Archive for the ‘Trade’ Category
Michael Crittenden and Barry Eichengreen had a fascinating debate over the future of the US dollar in last week’s edition of the Wall Street Journal. Crittenden avers that the dollar, despite talk to the contrary, will remain the global reserve currency because nothing presents itself as a legitimate alternative to the dollar at this point. However, the US will experience diminishing returns for the status of the dollar. On the contrary, Eichengreen posits that the US dollar will lose its global reserve status due to long-term deficits and competition from China’s renminbi and the Euro. Read the rest of this entry »
The Middle East, from the Persian Gulf to the Maghreb, is currently in the throes of revolution. Western journalists, in my opinion, suffering from myopia, are celebrating these revolutions as “the next 1989,” a series of revolutions that overthrew the political order in an entire region—the Eastern Bloc—and created a new world order in its place. Let us examine this claim, with an eye toward institutions. Read the rest of this entry »
As usual, John Tamny writes an excellent analysis of the Chinese yuan issue. A must-read this weekend.
I have revised the About page, to more fully explain what Capitolism is, er, about. I have elucidated upon the goals of Capitolism and the issues in view. As I mentioned in a previous post, I am in the process of drafting a strategic plan for Capitolism in 2010, and will share that on the blog when I complete the plan.
Capitolism addresses, explores and focuses on issues concerning business, trade, leadership, management, economics and small business. Issues at the intersection of these topics will attract Capitolism’s particular interest. In probing these matters, Capitolism will rely on lessons from philosophy, history, literature, current events, great speeches, newspapers, magazines, sports, academia, science, theology, military history, poetry and the authors’ own experiences, as appropriate. The aims of Capitolism are threefold:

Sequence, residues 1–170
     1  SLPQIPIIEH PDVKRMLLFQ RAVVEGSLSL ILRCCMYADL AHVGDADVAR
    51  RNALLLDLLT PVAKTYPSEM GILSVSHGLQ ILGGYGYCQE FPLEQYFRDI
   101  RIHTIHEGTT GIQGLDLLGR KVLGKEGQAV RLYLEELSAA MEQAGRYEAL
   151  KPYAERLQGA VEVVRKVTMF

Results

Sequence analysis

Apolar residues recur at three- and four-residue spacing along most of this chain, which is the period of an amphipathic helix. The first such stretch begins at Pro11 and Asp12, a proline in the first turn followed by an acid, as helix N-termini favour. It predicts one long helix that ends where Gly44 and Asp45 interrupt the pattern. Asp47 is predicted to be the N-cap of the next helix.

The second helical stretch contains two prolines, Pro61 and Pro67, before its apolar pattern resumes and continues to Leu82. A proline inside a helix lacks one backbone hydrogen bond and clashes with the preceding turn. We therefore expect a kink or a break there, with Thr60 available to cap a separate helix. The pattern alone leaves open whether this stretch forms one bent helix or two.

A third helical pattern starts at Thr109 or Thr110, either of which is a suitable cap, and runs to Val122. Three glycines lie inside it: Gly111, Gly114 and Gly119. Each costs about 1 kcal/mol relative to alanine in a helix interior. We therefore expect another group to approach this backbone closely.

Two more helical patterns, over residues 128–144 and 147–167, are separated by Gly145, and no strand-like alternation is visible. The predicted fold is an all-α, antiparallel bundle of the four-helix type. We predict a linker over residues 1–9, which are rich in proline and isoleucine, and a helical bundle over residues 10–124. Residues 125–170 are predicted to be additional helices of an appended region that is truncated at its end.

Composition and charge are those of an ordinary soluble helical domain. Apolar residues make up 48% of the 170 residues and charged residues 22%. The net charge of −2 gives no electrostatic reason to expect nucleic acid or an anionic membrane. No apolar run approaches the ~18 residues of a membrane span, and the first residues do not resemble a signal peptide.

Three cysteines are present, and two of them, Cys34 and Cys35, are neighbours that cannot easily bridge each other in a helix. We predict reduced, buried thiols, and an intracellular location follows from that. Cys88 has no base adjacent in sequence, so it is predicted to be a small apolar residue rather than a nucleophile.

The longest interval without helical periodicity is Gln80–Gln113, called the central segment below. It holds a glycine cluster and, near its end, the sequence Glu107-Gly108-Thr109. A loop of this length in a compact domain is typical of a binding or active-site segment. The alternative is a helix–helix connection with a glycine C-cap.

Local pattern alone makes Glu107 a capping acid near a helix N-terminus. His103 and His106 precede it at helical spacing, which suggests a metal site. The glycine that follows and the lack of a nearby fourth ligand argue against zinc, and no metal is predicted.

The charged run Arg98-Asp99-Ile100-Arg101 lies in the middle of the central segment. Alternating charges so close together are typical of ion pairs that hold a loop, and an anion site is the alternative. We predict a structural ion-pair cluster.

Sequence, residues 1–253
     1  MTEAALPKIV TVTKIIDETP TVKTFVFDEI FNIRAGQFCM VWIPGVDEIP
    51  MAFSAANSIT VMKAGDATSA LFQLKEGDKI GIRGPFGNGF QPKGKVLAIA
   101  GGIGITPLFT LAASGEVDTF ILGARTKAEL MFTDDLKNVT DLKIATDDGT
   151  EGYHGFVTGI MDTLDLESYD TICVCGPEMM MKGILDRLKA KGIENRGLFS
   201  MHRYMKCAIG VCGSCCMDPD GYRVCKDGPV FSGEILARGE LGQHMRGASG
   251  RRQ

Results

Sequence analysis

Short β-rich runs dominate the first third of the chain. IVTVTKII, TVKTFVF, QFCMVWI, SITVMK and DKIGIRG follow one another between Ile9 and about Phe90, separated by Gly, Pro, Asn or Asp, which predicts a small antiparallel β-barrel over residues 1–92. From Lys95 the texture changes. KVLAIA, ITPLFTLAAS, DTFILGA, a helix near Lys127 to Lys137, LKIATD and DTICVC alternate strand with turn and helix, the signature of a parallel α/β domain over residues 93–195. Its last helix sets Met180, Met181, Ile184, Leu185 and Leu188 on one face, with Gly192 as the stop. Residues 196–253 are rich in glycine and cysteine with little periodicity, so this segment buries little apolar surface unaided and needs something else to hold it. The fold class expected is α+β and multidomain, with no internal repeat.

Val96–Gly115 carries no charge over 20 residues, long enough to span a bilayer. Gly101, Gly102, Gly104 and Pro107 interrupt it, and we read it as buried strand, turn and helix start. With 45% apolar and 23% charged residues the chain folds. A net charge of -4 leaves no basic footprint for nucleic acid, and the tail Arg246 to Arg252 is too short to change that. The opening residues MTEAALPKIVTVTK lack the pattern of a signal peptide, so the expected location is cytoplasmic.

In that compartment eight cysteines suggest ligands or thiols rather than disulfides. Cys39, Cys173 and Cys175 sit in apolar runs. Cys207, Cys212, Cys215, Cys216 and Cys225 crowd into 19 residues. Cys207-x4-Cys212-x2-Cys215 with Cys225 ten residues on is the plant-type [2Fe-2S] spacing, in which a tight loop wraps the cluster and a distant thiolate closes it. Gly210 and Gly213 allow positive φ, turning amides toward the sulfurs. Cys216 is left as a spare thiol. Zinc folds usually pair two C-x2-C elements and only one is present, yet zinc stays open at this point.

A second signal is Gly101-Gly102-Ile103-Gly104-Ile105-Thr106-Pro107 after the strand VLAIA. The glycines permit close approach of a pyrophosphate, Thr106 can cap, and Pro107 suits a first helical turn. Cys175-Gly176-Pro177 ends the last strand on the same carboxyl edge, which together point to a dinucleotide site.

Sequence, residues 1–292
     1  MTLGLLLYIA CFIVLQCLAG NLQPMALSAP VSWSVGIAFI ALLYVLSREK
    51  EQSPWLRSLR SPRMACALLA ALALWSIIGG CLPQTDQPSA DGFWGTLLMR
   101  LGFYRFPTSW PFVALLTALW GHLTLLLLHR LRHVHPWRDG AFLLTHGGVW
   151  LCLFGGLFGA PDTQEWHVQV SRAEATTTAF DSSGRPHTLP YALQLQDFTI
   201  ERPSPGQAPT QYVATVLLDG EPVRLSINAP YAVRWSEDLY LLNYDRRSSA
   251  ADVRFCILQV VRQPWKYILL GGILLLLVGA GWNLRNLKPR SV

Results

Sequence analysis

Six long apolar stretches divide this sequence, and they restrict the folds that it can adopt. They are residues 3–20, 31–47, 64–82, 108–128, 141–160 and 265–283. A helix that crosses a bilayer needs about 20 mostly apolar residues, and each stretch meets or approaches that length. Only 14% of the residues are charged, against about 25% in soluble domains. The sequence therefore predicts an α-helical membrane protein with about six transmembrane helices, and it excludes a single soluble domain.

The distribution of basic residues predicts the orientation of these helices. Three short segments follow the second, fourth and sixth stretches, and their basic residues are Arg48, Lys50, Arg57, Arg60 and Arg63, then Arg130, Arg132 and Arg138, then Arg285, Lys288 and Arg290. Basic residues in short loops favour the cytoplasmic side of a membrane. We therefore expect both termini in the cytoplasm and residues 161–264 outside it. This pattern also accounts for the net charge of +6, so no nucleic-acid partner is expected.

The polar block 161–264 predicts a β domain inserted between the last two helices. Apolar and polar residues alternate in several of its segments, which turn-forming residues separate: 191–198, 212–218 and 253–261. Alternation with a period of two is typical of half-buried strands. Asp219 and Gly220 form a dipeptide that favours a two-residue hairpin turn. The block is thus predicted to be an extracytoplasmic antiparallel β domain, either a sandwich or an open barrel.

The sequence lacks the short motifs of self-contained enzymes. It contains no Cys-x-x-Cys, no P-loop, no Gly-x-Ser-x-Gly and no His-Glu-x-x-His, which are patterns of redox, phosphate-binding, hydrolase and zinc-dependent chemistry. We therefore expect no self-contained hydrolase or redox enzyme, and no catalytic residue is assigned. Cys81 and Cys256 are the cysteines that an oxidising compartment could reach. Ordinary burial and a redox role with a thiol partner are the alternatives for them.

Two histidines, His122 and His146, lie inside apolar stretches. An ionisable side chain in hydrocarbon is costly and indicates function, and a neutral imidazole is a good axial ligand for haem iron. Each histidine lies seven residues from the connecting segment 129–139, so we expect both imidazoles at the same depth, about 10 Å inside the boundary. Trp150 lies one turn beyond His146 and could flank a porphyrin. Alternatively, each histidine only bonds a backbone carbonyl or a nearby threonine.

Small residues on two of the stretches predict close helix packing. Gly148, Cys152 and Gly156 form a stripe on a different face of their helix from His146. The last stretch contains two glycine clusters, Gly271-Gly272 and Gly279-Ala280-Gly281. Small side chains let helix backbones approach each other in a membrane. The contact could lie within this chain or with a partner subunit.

1. To explore challenging and even subterranean issues pertaining to business, economics and leadership
2. To offer a hopefully interesting and unique perspective on these issues to readers
3. To create a venue for wide-ranging, thoughtful, penetrating discussion on these issues
You, the reader, will judge how well or poorly Capitolism achieves these aims. We encourage your comments, whether you agree, disagree or violently disagree with our writings.
Apparently, I am not the only one who sees more than high-minded safety and quality concerns at the heart of the brouhaha surrounding Toyota.
As a Toyota owner and admirer, the recent quality issue has disappointed me, as it has millions others. And, more than disappointing, it has endangered lives. Just a couple comments.
First, how like a Greek tragedy that Toyota suffers this stumble almost at the exact moment it had become the largest and most-respected car company in the world? But, this fall from the peaks of grace seems to happen again and again and again.
Second, I see the long arm of the unions on Secretary LaHood’s tough stance on this issue. The unions have not received as much attention or prominence as they expected from this Administration. If we could peer behind the curtain, I bet we would find the unions hammering on the Administration to come down hard on Toyota.
A few years ago, I read Adventure Capitalist by Jim Rogers. That book so intrigued me that I wanted to read his first book, Investment Biker, about his 1990 to 1992 travel across the globe. Other books intervened, and I only just finished reading this book. Even though it relates events from two decades ago, I found it enlightening, punchy and fascinating. Read the rest of this entry »